Building My Front Porch Steps (The Box Method) – Part 1 – Building The Basic Frame

I started working on my front porch steps this weekend, and I got most of the basic framework finished. The steps I’m building are probably different than most steps that you’ve seen. The standard way to build steps is to cut stringers out of 2″ x 10″ or 2″ x 12″ lumber, and to secure those to the deck or porch. This is a very informative video that describes that standard method. I chose not to use that method. Instead, I chose to build a series of modified boxes that stack one on top of the other.

The reason I chose not to use the standard stringer method is because (1) drilling into concrete is just such a pain, so the idea of drilling enough holes to attach seven stringers to the concrete porch wasn’t something I wanted to do, and (2) because when I saw this large area of concrete with the huge aggregate exposed and loosely packed, I didn’t feel comfortable at all with the idea of stringers for my steps being attached to that concrete for support.

So I opted instead for the box method. This method is very secure for building steps, but you’ll see that it’s not the standard method for one very obvious reason — it uses more lumber and is therefore more costly. (The cost difference probably isn’t that big on three short steps like mine, but the difference increases with each additional step.) But in my situation, I’d rather spend more money and be confident that my steps will hold up (and will be resting securely on the concrete sidewalk) than try to secure stringers to concrete that may not hold.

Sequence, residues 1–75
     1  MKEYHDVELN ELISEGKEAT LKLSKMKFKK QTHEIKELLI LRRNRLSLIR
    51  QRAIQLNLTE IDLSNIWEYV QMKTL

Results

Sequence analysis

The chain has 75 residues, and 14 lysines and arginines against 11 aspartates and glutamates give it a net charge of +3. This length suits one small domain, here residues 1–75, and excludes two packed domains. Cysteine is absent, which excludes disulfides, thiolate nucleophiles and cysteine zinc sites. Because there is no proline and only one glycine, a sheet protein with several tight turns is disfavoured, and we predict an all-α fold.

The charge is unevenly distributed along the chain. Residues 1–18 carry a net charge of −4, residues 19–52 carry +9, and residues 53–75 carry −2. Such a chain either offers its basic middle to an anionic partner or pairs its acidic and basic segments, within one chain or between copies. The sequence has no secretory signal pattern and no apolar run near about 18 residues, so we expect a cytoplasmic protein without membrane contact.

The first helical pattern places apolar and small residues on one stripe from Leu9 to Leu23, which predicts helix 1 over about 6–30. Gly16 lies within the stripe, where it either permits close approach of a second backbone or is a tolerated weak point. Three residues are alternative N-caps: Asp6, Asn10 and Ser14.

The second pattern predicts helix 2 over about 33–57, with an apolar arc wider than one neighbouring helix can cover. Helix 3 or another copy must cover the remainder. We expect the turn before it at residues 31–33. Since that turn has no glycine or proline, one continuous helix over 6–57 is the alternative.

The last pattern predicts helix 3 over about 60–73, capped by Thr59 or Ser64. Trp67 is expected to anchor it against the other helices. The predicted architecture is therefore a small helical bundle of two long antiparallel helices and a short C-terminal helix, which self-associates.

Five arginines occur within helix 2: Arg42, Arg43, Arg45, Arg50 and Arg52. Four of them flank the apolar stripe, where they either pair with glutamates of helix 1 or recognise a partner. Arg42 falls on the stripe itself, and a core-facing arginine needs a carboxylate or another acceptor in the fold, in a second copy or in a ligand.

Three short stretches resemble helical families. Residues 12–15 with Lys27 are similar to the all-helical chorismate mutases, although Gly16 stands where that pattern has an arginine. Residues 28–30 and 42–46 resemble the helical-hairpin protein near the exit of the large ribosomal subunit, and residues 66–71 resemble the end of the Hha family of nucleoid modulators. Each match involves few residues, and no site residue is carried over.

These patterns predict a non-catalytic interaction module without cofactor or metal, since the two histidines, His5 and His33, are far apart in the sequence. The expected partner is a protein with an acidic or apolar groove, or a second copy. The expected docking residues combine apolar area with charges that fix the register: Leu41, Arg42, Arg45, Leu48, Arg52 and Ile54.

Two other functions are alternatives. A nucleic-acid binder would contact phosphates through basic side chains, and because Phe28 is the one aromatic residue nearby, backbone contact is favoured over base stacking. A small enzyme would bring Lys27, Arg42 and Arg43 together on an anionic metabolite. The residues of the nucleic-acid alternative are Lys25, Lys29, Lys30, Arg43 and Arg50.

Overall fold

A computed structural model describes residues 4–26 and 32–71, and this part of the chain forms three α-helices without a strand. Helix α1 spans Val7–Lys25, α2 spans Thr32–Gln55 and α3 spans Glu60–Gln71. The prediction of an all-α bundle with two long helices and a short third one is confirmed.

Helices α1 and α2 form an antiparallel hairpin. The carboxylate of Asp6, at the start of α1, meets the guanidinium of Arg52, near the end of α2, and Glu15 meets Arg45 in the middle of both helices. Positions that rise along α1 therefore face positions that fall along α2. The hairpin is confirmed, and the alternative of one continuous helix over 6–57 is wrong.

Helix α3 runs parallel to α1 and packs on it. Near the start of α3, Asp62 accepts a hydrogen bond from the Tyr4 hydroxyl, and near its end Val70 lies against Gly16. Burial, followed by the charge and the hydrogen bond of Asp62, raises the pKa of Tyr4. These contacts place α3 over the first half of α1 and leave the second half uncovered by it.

But before I started building the framework for my steps, I wanted to put the posts in place for the handrail. To do that, I used these 5/8″ concrete anchors that come with washers and nuts…

And I used those along with these 4″ x 4″ post anchors…

I actually hired someone to drill those holes for me and install the concrete anchors. It’s a good thing I did, too, because he hit a piece of rebar, and it took forever to get the hole drilled for that left anchor.

But once the anchors were in place, I could then insert the posts and screw them into place, using a level to make sure they were plumb as I screwed them to the post anchors.

Next, I build the framework for the bottom step. For this, I used 2″ x 4″ treated lumber rated for ground contact, and I ripped them to the correct height using my table saw. The height of my steps is going to be 4.25 inches, so these pieces were ripped to 3.25 inches, which is the height of the step minus the thickness of the actual tread. Lumber for porches and decks is one inch thick.

I created an outer frame using one long piece the width of the steps, and then seven pieces cut to the full depth of the steps. I screwed them together using deck screws, and placed the short pieces 14 inches apart. I screwed the short pieces into place through the back side of the long back piece. (Obviously, I pulled it away from the porch in order to accomplish this.)